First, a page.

Residents of Pakistan-occupied Kashmir and Gilgit-Baltistan are suffering from Islamabad’s continued perpetration of injustice

On June 8, there was a small news item tucked away in a corner of Khabrain, a Pakistani Urdu daily, maintaining that a petition has been filed in the Mirpur High Court by journalist and former secretary of Mirpur Press Club Zaffar Mughal against the government of Pakistan occupied Kashmir for its failure to set up an Information Tribunal/Commission and appointment of information officers in government and public sector undertakings under the right to information act of the Pakistan constitution.

The petitioner further said that in the absence of such institutions in the PoK, access to basic information on any issue has become difficult for journalists, lawyers and common people in the region. This explains the situation present in those parts of Kashmir which are under forceful occupation of Pakistan.

Pathetic condition of PoK

Even as democracy thrives in India’s Jammu and Kashmir with a system in place to provide people opportunities for their overall development, sharply opposite is the situation in Pakistan-occupied Kashmir where literacy rate is just around 49 percent, while the whole region is ridden with over 34 percent poverty.

While the Union Territory of Jammu and Kashmir is well connected with four airports, several universities, medical and engineering colleges and railway infrastructure in place, the PoK is still not connected with the rest of Pakistan. Yet, the PoK is described as Azad Kashmir by the Pakistan government. In the past seven decades, the word ‘Azad’ has failed to live up to its real meaning for the people.

They have been asking for empowering their region with administrative and legislative power to have control over major subjects, including land, mining, tax collection, natural resources and tourism, but political elites of Islamabad continue to ignore their requests.

Though following the 13th amendment of the 1974 AJK Interim Constitution in 2018, some powers have been vested with the local bodies of the region, but overall they are residual in nature. The federal government in Islamabad doesn’t want to empower the region to decide its fate on issues which are aligned with locals’ social, political and economic advancement. Instead, they are witnessing plunder of their resources by the tango of Pakistan and China. Under the multi-billion dollar CPEC initiative, China plans to set up a 1,124-megawatt power project in the PoK- and all this, despite India’s objection.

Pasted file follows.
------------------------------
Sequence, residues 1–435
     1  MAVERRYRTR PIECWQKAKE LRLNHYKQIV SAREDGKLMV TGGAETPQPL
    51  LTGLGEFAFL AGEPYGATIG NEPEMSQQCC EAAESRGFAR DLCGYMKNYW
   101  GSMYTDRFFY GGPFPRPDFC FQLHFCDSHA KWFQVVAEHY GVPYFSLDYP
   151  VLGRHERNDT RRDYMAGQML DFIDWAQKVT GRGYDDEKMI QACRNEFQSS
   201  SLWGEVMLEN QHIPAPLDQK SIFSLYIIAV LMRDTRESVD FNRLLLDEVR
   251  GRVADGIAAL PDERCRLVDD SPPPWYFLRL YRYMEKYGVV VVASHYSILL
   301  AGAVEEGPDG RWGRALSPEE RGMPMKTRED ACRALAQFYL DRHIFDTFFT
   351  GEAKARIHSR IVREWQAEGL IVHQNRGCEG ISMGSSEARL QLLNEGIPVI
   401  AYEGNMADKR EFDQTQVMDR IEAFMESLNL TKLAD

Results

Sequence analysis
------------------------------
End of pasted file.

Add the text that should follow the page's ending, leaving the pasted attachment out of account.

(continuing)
This apart, human rights violations are galore in the region. If several media reports are to be believed, the PoK is today occupied by Punjabi speaking Sunni Muslims while local indigenous Shia’s population has significantly reduced in the region. For this, human rights watchers blame the Pakistan government’s policy to settle Punjabi-speaking people in the region since 1988.

There are no non-Muslims in the PoK today. In 1947, they numbered in lakh, today, they are scattered across India and the world. In 2018, the UN report on Human rights situation in the PoK castigated Pakistan for uncontrolled violation of human rights in the region. The report said people in ‘Azad Kashmir’ and ‘Gilgit-Baltistan’ which are in the control of Pakistan “do not enjoy” all the rights and protections available under the Pakistan Constitution.

The report cited the case of Pakistan’s Anti-Terrorism Act, 1997. It said the law was specifically used in Gilgit-Baltistan to target locals who are raising issues related to “rights of people.” Youth particularly bear the rampant misuse of Anti-Terrorism Act as there are no procedural safe guards in the court proceedings.

Presence of widespread wretchedness in Gilgit-Baltistan

However, it is people residing in Northern areas of Gilgit-Baltistan who are facing the brunt of the Pakistan government’s apathy. Denied with basic human rights, including right to equality before law, right to reside and move freely, right to vote, right to be administered by their chosen representatives, right to assemble peacefully, people of the area, which was created in 1949 by hiving off parts of the PoK, are leading a subjugated life.

They have no right to freedom of speech and expression, right to habeas corpus and against illegal detention, right to acquire and dispose of property. Nor have they any right to get access to an appellate court of justice for the enforcement of all other rights guaranteed under Pakistan’s constitution.

Absence of any media in Gilgit-Baltistan makes chances of ventilating out anger by the public against the political establishment in Islamabad more difficult. During the 43rd session of the United Nations Human Rights Council (UNHRC) in Geneva on March 6, political activists from Gilgit-Baltistan and the PoK raised the deteriorating human rights situation in the region. “The people of Pakistan-occupied Gilgit-Baltistan continue to face torture, sedition and terrorism charges and life-imprisonment for opposing onslaught on their resources and cultural identity. Locals are losing the battle against some of the worst demographic engineering due to the China-Pakistan Economic Corridor that encourages illegal settlement of Pakistanis and Chinese,” president of Gilgit-Baltistan Studies Senge H Sering told the UNHRC.

Amidst this development, residents of the region have not forgotten Pakistan’s abominable act to cede the Shaksgam Valley to China under the 1963 Islamabad and Beijing boundary agreement. It was this agreement which had laid the foundation for Karakoram highway which was built jointly by the Chinese and Pakistani engineers in the 1970s. They say Chinese incursion into the region ended whatever cultural and ethnic identities they had.

Despite all this, Islamabad continues to keep mum on the issue of human rights violations in PoK and Gilgit-Baltistan.

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